Pietro Caruso (born 10 November 1899 in Maddaloni – died 22 September 1944 in Rome) was an Italian Fascist and head of the Italian police during the final part of World War II.
Together with Herbert Kappler, the German Gestapo chief in Rome, Caruso organised the massacre in Fosse Ardeatine on 24 March 1944 as revenge for an attack the day before by Italian partisans on a column of German soldiers in Rome. 335 people, many of them belonging to a Communist military resistance group, were shot during the massacre. One of the victims, Maurizio Giglio, had been one of Caruso's own lieutenants, but had been arrested seven days earlier as a secret agent working for the Allies through OSS.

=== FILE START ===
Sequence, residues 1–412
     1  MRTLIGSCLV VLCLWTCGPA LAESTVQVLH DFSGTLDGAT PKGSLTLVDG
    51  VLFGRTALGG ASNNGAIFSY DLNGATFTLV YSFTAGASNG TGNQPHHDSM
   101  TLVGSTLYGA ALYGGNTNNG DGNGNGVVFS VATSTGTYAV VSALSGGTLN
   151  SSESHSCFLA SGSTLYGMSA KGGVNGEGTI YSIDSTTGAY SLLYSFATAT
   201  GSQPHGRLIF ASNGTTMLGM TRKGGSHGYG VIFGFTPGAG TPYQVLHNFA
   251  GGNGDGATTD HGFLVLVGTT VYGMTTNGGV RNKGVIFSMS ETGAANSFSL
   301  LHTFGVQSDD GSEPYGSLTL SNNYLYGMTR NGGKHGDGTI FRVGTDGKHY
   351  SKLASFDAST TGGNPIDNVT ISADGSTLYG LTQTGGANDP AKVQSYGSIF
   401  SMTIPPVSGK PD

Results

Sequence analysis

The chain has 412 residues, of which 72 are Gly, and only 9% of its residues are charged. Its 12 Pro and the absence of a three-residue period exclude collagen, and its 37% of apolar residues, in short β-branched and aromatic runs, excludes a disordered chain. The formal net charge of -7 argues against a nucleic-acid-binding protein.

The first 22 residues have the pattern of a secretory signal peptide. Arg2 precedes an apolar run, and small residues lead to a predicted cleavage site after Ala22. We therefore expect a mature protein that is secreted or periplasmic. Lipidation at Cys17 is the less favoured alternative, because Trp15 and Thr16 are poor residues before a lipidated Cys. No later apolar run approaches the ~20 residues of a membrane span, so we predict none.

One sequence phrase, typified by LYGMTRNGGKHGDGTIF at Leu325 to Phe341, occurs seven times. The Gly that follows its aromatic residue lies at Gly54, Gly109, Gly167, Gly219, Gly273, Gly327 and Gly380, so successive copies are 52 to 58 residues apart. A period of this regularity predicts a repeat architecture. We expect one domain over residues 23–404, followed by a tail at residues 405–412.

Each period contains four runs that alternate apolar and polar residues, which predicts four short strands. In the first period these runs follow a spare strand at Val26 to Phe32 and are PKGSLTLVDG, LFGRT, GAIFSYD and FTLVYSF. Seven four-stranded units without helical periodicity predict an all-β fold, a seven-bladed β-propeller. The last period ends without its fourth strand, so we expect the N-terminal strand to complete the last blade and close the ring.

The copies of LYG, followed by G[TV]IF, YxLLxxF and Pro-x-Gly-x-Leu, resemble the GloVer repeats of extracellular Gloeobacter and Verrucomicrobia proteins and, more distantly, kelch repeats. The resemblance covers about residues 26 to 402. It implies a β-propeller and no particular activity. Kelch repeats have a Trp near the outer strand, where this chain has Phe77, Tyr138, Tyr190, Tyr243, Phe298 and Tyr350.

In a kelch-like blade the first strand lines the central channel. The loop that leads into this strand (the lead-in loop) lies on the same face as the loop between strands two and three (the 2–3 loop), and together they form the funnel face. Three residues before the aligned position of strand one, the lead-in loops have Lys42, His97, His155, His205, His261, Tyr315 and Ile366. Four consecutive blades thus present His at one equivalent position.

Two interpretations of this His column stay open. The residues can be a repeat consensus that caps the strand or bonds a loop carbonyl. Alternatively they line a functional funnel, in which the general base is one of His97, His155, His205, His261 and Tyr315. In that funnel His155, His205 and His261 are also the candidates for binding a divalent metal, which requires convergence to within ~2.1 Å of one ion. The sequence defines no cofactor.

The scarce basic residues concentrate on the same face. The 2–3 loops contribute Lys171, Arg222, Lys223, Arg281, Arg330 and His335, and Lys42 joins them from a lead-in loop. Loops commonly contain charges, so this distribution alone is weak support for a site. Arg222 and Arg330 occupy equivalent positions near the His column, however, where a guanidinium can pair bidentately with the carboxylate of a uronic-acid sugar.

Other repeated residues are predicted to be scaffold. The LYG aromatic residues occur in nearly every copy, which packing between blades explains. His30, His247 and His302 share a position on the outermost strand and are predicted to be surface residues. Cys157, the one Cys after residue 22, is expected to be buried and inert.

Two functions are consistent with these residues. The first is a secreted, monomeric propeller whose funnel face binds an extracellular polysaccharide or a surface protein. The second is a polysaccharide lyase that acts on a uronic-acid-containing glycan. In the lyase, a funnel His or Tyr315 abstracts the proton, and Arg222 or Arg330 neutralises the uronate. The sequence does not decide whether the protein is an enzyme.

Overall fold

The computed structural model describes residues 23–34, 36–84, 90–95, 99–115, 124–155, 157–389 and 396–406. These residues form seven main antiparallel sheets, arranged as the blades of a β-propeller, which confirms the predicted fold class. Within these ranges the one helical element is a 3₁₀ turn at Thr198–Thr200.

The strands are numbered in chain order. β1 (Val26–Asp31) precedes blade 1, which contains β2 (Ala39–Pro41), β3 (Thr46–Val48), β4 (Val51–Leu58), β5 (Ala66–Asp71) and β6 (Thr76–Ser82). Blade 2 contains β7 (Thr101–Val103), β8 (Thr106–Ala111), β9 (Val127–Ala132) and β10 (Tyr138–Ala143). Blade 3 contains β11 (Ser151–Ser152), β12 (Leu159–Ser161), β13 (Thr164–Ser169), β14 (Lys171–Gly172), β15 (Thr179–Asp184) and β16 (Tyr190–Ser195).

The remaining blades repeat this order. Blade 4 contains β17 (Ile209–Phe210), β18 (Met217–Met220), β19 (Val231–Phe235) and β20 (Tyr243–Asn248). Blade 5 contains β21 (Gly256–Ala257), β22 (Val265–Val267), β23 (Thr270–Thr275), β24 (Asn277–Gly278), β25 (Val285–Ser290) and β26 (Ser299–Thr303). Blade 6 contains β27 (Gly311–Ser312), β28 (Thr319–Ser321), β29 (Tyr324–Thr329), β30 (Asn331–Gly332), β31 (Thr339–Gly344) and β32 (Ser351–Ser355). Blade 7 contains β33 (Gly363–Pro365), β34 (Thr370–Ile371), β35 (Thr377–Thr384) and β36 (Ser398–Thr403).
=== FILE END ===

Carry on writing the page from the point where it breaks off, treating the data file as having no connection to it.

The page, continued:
After Italy's liberation from the German occupation, Caruso was tried for his numerous crimes, sentenced to death on 21 September 1944 and executed by a firing squad of Polizia di Stato in the courtyard of the Fort Bravetta in Rome. The high court of justice also condemned Roberto Occhietto, Caruso's secretary and co-defendant, to 30 years’ imprisonment on the same collaboration charge.
The eight-man high court, presided over by judge Lorenzo Maroni, heard prosecutor Mario Berlinguer characterize the two defendants as “wild beasts” and the verdicts were delivered after two hours’ deliberation. Caruso, sentenced to be shot in the back, turned pale as Maroni announced the verdict.